Access to hourly data that reflect changing loads and marginal costs across days and seasons is highly useful for time-sensitive valuation research. Of great value is also the broad geographic scope of the data across the entire continental U.S. while providing granular balancing area-level results. Transparent long-term projections to 2050 with bi-annual resolution allow us to capture value streams across the entire life-cycle of a particular resource, accounting for the overall system evolution. The availability of multiple scenarios spanning a range of technology assumptions is very useful for sensitivity analyses. Inclusions of certain policy constraints such as renewable portfolio standards provide a realistic floor to future VRE expansion. We also value the availability of supplemental data such as technology-specific generation and marginal carbon emissions data.

Further improvement to some aspects of the Cambium data can make it even more useful. For example, Cambium underrepresents price variability, as shown in the figure below that compares empirical and modeled data of diurnal energy price profiles at major trading hubs across seasons for the year 2018.

Diurnal Energy Prices at Major Trading Hubs in 2018, Cambium vs. Historical Empirical Data. Shaded areas describe seasonal range of average price profiles.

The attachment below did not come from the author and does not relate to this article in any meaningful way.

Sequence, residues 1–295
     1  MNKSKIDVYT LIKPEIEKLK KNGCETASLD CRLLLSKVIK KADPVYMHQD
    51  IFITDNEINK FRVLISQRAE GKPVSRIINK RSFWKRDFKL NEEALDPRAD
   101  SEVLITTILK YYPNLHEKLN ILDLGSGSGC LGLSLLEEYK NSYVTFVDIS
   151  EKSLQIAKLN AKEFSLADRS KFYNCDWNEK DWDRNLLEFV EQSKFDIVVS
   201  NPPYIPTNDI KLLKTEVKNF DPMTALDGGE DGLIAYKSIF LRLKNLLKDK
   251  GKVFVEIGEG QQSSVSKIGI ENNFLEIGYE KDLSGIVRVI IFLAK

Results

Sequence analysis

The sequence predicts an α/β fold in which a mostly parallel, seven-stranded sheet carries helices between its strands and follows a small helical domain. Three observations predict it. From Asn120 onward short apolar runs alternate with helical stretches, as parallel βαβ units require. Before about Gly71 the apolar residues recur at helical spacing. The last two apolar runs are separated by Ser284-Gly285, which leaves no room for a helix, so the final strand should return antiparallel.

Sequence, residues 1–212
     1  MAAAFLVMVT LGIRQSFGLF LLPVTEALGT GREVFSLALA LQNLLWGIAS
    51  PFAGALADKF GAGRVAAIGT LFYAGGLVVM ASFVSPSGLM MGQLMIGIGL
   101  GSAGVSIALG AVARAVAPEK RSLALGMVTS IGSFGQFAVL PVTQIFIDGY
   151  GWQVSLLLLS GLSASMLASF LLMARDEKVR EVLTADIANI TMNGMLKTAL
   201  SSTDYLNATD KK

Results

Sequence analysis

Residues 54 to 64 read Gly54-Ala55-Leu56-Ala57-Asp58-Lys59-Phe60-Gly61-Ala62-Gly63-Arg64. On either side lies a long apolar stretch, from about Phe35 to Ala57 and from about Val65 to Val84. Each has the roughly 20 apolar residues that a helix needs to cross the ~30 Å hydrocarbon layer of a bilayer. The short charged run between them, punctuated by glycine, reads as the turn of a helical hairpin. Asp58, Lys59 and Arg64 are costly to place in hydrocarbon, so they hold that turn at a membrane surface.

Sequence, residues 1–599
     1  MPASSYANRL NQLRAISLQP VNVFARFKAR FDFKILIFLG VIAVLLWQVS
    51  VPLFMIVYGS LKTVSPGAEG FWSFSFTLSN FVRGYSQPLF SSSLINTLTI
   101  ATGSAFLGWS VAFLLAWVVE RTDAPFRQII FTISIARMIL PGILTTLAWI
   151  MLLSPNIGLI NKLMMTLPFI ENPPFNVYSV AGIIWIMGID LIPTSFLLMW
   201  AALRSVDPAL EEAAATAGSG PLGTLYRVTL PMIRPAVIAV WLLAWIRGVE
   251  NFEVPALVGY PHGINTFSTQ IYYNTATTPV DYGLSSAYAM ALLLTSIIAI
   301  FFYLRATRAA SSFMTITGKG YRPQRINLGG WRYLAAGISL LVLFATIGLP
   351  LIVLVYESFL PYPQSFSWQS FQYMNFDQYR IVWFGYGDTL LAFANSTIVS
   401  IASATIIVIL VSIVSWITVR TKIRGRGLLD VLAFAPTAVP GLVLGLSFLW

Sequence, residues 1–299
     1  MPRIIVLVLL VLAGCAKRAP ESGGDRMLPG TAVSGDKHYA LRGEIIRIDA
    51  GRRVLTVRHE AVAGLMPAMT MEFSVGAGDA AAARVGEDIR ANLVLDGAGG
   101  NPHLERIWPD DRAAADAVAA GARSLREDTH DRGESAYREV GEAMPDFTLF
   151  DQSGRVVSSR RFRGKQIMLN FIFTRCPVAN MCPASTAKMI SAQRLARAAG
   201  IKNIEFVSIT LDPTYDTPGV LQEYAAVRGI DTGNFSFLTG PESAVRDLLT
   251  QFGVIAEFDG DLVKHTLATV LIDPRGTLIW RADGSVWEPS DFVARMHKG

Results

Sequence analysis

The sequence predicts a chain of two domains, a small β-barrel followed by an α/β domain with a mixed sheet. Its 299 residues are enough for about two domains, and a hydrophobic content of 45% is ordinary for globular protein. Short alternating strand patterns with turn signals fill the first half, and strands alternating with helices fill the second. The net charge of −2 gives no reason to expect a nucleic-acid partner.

Specifically, the model does not allow for negative prices (which commonly occur during times of high wind and solar), and it underrepresents price spikes during scarcity events. Cambium appears to not fully capture reductions in marginal costs in the middle of the day at high solar penetrations or at night with higher wind penetrations. It also does not reflect high prices that can result from market instruments such as ERCOT’s Operating Reserve Demand Curve (ORDC). The impact of underrepresenting price variability is that value of generation flexibility is biased low, compared to the value calculated based on recent empirical wholesale price patterns. This may cause battery storage, or other flexible generation operations, to be undervalued within Cambium. It may also cause estimates of solar and wind integration costs to be biased low. Relatedly the current weather representation underestimates uncommon but increasingly more frequent extreme weather events with important implications for reliability and price spikes. The figure below illustrates the general importance of price variability qualitatively with a number of case studies that are discussed in more detail in the report.